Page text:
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Herd immunity in the Philippines might not be achieved until 2023 —Moody's Analytics

The Philippines is not likely to achieve herd immunity against COVID-19 until 2023, which could slow the pace of its economic recovery, according to Moody’s Analytics.

In his Asia-Pacific Economic outlook, Moody’s Analytics chief economist for Asia-Pacific Steven Cochrane reiterated that the Philippines will lag behind its peers in the region in terms of recovering to its pre-pandemic economic growth.

“Most of the region, if not already recovered, is within 2 to 3 percentage points of achieving a new peak in GDP (gross domestic product),” Cochrane said.

He said that “those that are lagging — the Philippines, Thailand and Malaysia — are struggling either to contain COVID-19 or to get their economic drivers going, or both.”

“Containment of COVID-19 in the Philippines has been elusive. After gradually falling from August to February, the number of new cases is rising again, and some quarantine measures are still in place. And pork prices have risen, caused by African swine fever, and vegetable prices have increased, caused by lingering impacts of last year?s typhoons,” Cochrane noted.

“Among the major APAC countries, only the Philippines and Thailand still appear to be lagging in their procurement of vaccines, although our forecast assumes that they will acquire the needed vaccines as the number of sources expands,” he added.

The Philippine government is seeking to “eliminate” COVID-19 in 2022, vaccine czar Secretary Carlito Galvez Jr. has said as he vowed to ramp up vaccination in the coming months with the expected arrival of millions of doses. 

Galvez expressed confidence that the general population will start getting their COVID-19 shots in late April or early May.

The 1,125,600 doses that have arrived in the Philippines so far are reserved for health workers, the top priority in the vaccination program.

A total of 215,997 doses have been administered as of March 15.

Cochrane, however, said that for the “laggards such as the Philippines and Indonesia, immunity may not be achieved until 2023.”

“This will make it quite difficult for the travel industry to rebound across the region any time soon...,” he said.

In 2020, the Philippine economy contracted by 9.5%, its worst performance on record since the end of World War II.

Nonetheless, Moody’s Analytics projects the Philippines to grow by 6.3% in 2021 and 7.2% in 2022.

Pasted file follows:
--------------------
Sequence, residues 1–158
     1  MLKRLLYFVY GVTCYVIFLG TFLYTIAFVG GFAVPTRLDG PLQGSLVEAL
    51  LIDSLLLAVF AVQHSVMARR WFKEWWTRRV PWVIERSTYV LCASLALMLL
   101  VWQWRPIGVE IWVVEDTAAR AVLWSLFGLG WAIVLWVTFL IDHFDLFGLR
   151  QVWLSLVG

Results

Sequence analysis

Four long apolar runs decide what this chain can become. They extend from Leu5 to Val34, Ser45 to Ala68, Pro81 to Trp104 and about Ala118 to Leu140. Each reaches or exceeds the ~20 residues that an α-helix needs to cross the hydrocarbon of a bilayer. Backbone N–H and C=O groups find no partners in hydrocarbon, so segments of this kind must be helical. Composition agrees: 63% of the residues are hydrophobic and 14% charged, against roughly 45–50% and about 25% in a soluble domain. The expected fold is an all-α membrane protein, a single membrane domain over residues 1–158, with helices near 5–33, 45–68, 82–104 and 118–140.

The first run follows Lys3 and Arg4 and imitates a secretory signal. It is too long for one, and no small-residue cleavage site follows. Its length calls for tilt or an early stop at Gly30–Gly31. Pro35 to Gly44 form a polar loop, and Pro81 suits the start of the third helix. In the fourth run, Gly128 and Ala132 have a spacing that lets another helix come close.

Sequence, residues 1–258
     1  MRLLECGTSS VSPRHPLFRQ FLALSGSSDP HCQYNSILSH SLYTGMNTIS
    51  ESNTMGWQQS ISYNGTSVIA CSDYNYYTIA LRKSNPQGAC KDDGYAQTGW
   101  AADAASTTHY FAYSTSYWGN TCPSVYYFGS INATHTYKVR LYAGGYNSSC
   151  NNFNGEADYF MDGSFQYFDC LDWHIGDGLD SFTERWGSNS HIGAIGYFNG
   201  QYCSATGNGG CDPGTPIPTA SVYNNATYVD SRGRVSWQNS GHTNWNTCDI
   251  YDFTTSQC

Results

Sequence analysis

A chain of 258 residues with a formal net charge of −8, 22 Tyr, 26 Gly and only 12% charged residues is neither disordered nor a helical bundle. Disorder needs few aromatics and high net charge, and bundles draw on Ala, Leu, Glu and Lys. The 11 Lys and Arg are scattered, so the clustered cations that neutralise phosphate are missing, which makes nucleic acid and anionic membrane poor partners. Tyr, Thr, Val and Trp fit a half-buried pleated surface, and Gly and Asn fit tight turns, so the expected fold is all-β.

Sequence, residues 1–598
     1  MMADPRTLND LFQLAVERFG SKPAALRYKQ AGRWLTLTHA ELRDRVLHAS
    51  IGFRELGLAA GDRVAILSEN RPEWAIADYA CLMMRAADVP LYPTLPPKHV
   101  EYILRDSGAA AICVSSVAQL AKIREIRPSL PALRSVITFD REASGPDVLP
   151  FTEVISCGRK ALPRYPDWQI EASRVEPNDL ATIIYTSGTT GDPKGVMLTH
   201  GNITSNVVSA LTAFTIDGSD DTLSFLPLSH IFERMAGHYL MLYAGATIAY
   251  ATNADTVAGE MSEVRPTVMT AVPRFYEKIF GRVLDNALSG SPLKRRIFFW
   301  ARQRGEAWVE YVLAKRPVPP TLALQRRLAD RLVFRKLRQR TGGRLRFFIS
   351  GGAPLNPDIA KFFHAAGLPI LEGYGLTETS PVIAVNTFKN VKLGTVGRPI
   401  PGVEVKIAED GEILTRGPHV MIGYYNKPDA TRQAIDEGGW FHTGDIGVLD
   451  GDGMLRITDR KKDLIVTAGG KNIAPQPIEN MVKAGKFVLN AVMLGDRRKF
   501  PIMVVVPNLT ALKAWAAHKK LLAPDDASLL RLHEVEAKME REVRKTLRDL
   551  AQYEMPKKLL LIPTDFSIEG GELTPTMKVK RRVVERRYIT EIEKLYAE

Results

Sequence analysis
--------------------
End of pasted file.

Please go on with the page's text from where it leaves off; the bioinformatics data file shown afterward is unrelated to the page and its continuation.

The projections, however, are slower than the Duterte administration’s economic managers’ outlook of 6.5% to 7.5% for this year and 8.5% to 10% for next year.

“Last, the Philippines has multiple factors working to slow its pace of recovery. It is coming out of a very deep hole, as it languished under quarantine orders for much of last year,” Cochrane said.

“It continues to struggle to contain COVID-19, its scal policy response was quite limited, it has not yet developed an effective delivery system for vaccinations across its archipelago, and rising food prices limit the role of consumer spending to support the local economy,” he said.

In a separate statement, Finance Secretary Carlos Dominguez III said that the availability of vaccines “should not lead us to neglect equally urgent concerns.”

“We still need to do the tough things we must undertake to cope with the severe weather conditions induced by global warming or with the possible emergence of new viruses,” he said.

“We need to act now with the same sense of urgency that we have for the ongoing pandemic,” Dominguez added.


As the Philippines begins to recover from the COVID-19 crisis, the Finance chief said the government will remain focused on reforms to foster the revival of enterprises and restore consumer activity.

The pending reforms include the Corporate Recovery and Tax Incentives for Enterprises Act (CREATE), which is the biggest stimulus program ever for businesses in the form of hefty reductions in corporate income taxes and other benefits to aid in their recovery, Dominguez said.

The Financial Institutions Strategic Transfer (FIST) law, on the other hand, will allow banks to efficiently offload their soured loans and non-performing assets so that they can extend more credit to micro, small and medium enterprises in need of assistance.

Dominguez added that the Duterte administration is also pushing the congressional passage of the Government Financial Institutions Unified Initiatives to Distressed Enterprises for Economic Recovery (GUIDE) bill to help save strategically important companies by aiding them to address their solvency issues, along with the final packages of the Comprehensive Tax Reform Program on improving property valuation and simplifying the tax system on passive income and financial intermediaries.

“To further open up the economy and bring in foreign investments, the Congress should also pass doable reforms such as the amendments to the Foreign Investment Act, the Public Service Act, and the Retail Trade Liberalization Act,” Dominguez said. —KBK, GMA News

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